Disability coming up on BBC TV

Emma Emma | 10:35 UK time, Monday, 17 May 2010

There are two disability related seasons of programmes on the BBC at the moment. BBC Three's Autism season has been running for a few weeks now and has featured programmes such as The Autistic Driving School and Autism, Discco and Me. The season will conclude next Thursday at 9 PM with the second half of Autistic Superstars, which follows a group of talented young people with autism as they prepare to perform live at a London venue. Next week, BBC Four will feature two evenings of programming supported by the Headroom campaign, which will explore attitudes to mental health. The Out of Mind season will be broadcast on Monday the 17th and Wednesday the 19th of May from 7.30 PM. It will feature a mixture of repeats, such as Stephen Fry's The Secret Life of a Manic Depressive, and new programmes including Sectioned, which follows 3 men as they make their way through the mental health system and Mental: a History of the Madhouse. Remember, if you miss any of the above programmes when they go out on TV, they will be available to view on the iPlayer for at least 7 days, or longer if the show gets repeated on any BBC channel.

Iain Duncan Smith, new DWP chief

Damon Rose Damon Rose | 16:31 UK time, Wednesday, 12 May 2010

Former head of the Conservative party, Iain Duncan Smith, was today appointed the new Work and Pensions Secretary in the UK's new coalition government.

In an interesting blog post from Disability Now editor Ian Macrae, he gives analysis on what disabled people might expect from IDS.

As yet we don't know who has the Minister for Disabilities post, if there is one. But Theresa May, the new Home Secretary, has 'Equalities' as part of her portfolio.

We're quite big fans of Laura Kuenssberg's tweets; the Chief Political Correspondent for the BBC News Channel has been posting updates to Twitter from her vantage point in White Hall since early today. Follow her for the very latest.

UK Learning disability soap cleans up at the web Oscars

Emma Emma | 13:56 UK time, Thursday, 6 May 2010

We've just had word that
Learning disability docusoapThe Specials, has won not one but two Webby awards, basically the Oscars of the internet.

The show, which follows a group of young people with learning disabilities who happen to share a house, received an award for best online reality show and snapped up the People's Choice award in the same category. They get to travel to New York to accept the gongs.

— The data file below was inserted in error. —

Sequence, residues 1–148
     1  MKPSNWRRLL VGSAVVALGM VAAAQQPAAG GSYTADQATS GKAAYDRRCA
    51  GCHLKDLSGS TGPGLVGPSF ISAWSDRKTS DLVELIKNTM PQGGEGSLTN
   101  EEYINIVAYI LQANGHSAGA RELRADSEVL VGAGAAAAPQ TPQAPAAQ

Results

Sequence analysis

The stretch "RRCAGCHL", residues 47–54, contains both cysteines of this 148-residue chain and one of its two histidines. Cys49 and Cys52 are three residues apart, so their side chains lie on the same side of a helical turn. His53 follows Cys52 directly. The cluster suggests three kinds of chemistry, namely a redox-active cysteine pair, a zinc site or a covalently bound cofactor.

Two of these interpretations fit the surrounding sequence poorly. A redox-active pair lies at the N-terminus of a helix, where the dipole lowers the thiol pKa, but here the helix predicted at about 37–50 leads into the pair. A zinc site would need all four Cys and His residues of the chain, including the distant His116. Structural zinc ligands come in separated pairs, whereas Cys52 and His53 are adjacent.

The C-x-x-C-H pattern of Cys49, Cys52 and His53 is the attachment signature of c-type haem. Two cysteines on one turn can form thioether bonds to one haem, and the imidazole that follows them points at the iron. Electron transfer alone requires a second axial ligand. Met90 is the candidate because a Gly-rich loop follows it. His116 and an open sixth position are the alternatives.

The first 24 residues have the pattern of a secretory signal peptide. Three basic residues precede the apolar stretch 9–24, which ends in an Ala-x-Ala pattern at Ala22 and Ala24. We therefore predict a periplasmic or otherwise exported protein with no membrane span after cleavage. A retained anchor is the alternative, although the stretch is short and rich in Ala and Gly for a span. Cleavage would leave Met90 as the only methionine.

I was lucky enough to visit the house in Brighton where The Specials live. I met most of the show's stars but got to interview Lewis for 13 Questions. Lewis is absolutely hilarious. Read the interview here.

Congratulations to all involved on an incredible win.

How accessible was your voting experience?

Damon Rose Damon Rose | 14:12 UK time, Wednesday, 5 May 2010

Disability charity Scope are asking you to fill in a survey about the accessibility of your local polling station in their Polls Apart campaign.

After you've voted tomorrow, hot tail it to the online survey and fill it in. If you did a postal vote, check out this page.

Doing it online isn't the only way. If you visit the Polls Apart website you'll find out more details on how you can download a form and send it freepost as well as lots more info about how you can get involved with the campaign or make your local voting process more accessible.

Finally, if you 'do' phones, you can call the campaign hotline on 020 7619 7370 on election day and tell them direct.

• Talk about your voting experience on Twitter by using their hash tag: #PollsApart

Accessible Election Manifestos

Post categories:

Zoe E Breen Zoe E Breen | 10:29 UK time, Wednesday, 5 May 2010

It's less than 24 hours until the election and your last chance to decide who has the best policies for you. Autism Wales have collected together Easy Read versions of manifestos for the major parties in the .


To read the documents visit the Autism Wales website.

You can also check on Disability Bitch's last minute efforts to be elected MP for Cyberspace in her regular column.